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Compliance in Focus: Three Key Considerations for Maintaining an Effective Compliance Program in a Time of Crisis

April 17, 2020

Successful compliance policies identify risk based on business realities. Today, compliance officers face unprecedented and mounting challenges as businesses realities shift in response to the on-going crisis. Office closures, inaccessibility of documents and remote working arrangements are just the tipping point of issues compliance departments must now tackle to maintain the integrity of their compliance programs. The critical role of compliance is to identify operational risks. Although some business risks remain the same, the pandemic will create new risks that compliance departments have to nimbly address in order to protect their companies.

Critical compliance processes are in jeopardy: conducting internal investigations, due diligence processes, training protocols, approval requirements and audits and assessments will all likely be impacted by the significant changes to the global working environment. And these challenges arise at a time when the need for robust compliance controls is at its highest: times of crisis have always bred misconduct from corruption to self-dealing to accounting irregularities to sanctions violations. Companies and business units facing financial and logistical difficulties are more prone to misdeeds. For this reason, economic downturns are routinely followed by significant upticks in enforcement activity. 

The enforcement landscape following this crisis will be compounded by the unique challenges it presents for oversight and controls. Compliance departments would be well served to conduct a thoughtful review of their controls in this new operating environment and adapt their programs to address new risks and accommodate the challenges of the global pandemic in order to protect their companies. Compliance will need to be agile and creative to weather this new world and the risks and potential new opportunities it presents.

Overall, as any company that has faced regulatory scrutiny knows, the best defense a company can mount is a well-documented compliance process. Recognizing the risks this crisis presents and developing detailed information demonstrating meaningful efforts to assess and prevent risk will be critical. However, a largely digital workforce coupled with shutdowns and restrictions on key information sources (e.g. government registries; third party diligence providers) can create roadblocks in obtaining information necessary to oversight. The compliance processes established prior to this crisis may no longer be feasible. Even though the crisis was unanticipated, the standards of liability remain unchanged - regulators will closely scrutinize companies’ actions in hindsight and, rather than forgiving missteps, will expect that controls will have been enhanced to address the increased risks created by the crisis.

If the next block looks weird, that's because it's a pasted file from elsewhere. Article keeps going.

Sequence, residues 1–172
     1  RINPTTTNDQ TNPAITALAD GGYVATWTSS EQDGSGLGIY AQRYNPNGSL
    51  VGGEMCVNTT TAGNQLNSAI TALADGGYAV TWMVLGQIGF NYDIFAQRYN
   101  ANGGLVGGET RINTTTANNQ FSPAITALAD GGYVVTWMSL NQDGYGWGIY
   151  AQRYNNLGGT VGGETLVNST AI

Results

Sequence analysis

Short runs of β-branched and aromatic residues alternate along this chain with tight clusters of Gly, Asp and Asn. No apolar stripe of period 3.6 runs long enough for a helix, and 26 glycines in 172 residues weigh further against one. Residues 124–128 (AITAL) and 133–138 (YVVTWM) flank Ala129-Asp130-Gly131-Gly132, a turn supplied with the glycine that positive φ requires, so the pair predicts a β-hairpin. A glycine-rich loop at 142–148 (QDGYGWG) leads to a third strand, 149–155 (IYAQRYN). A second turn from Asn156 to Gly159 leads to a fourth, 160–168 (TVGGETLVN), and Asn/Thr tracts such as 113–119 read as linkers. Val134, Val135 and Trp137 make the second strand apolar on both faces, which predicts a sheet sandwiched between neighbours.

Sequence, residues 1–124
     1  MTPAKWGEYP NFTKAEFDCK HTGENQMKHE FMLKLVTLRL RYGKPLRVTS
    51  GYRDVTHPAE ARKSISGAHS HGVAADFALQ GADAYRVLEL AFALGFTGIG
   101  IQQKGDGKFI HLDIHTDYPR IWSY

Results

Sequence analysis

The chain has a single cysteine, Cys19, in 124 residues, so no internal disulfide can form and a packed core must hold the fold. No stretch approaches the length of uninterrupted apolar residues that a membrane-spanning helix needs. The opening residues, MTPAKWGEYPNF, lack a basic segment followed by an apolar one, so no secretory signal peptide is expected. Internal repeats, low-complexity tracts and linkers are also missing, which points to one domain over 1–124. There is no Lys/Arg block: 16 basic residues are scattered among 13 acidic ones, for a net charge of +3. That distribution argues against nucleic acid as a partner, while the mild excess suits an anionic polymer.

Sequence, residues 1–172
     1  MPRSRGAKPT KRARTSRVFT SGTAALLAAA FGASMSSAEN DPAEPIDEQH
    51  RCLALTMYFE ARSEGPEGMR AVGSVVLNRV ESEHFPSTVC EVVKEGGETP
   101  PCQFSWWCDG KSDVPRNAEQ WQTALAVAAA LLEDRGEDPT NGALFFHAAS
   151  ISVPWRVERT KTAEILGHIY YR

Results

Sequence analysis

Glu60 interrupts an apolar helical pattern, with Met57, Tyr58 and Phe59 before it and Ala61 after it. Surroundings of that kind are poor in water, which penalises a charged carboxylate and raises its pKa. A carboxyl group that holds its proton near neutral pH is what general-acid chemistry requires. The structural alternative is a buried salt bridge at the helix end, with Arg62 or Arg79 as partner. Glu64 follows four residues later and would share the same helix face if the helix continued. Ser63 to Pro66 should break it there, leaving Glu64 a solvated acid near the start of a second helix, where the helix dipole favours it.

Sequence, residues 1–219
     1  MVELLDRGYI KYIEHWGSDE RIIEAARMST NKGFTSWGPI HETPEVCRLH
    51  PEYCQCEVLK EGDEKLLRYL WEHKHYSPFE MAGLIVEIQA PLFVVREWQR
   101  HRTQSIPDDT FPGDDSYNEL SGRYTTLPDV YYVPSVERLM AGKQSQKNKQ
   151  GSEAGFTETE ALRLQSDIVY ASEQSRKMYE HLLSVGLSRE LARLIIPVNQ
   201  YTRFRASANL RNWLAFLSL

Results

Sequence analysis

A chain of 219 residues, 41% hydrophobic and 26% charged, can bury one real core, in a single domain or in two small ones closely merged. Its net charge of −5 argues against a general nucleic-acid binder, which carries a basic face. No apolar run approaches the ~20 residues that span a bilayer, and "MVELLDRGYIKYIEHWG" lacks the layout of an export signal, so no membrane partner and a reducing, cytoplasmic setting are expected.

How can compliance departments navigate these unprecedented times while maintaining effective internal controls? 

  • Compliance departments must make communication a priority. Personnel need to be reminded of the critical controls that they must follow, even when working under such strange circumstances. Identify key risk areas that may arise as a result of this crisis and send frequent reminders to ensure that compliance remains relevant to those business decisions. This may include new risks created by the crisis, such as the inevitable fraud and phishing schemes or it may be existing risks that are now heightened due to a lack of supervision or an urgency to replace unavailable resources. It is also important that the compliance department communicate with the business about potential operational risks that may arise due to delays in the compliance process, such as the lack of in-person resources and availability of records. The compliance department should communicate openly with the business about changes to the compliance timeline and identify areas critical to operations so an effective alternative diligence strategy can be developed before an impending deadline looms.  
  • Review existing policies and procedures and issue interim adaptations as needed to address your current working environment. Conduct an assessment to determine whether the new working environment presents new compliance risks that should be promptly addressed. For example, your anti-harassment guidelines may need modifications to address and reiterate controls for a remote workforce. Also, identify the requirements under your policies and procedures that may be challenging to satisfy under the current circumstances and determine whether there is an effective alternative that can be implemented. For instance, your policy may require an annual, in-person training or physical supervisory expense approvals that are no longer feasible.
  • In times when the standard tools and resources may not be available, compliance departments will need to adopt novel solutions. For example, while the standard mantra of every company is that “compliance is everyone’s responsibility” it may now be time to implement that aspiration on an organizational basis. Accordingly, where a risk analysis identifies an oversight gap, either because of a new market or process or simply a geographic displacement, there needs to be an absolute commitment to identification of the resource for filling it – whether through remote training, oversight, auditing or through delegation to on-site personnel that are not within the normal “compliance” function.

For more information, please contact the professional(s) listed below, or your regular Crowell & Moring contact.

Michael D. Mann
Partner – Washington, D.C.
Phone: +